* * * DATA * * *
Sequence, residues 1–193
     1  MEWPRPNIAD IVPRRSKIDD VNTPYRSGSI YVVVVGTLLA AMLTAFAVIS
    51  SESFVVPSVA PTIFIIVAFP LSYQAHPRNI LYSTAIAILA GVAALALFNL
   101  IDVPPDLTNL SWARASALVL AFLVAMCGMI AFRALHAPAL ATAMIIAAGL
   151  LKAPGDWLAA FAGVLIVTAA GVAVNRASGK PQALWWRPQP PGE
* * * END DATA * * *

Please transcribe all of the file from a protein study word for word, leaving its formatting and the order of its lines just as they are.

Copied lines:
Sequence, residues 1–193
     1  MEWPRPNIAD IVPRRSKIDD VNTPYRSGSI YVVVVGTLLA AMLTAFAVIS
    51  SESFVVPSVA PTIFIIVAFP LSYQAHPRNI LYSTAIAILA GVAALALFNL
   101  IDVPPDLTNL SWARASALVL AFLVAMCGMI AFRALHAPAL ATAMIIAAGL
   151  LKAPGDWLAA FAGVLIVTAA GVAVNRASGK PQALWWRPQP PGE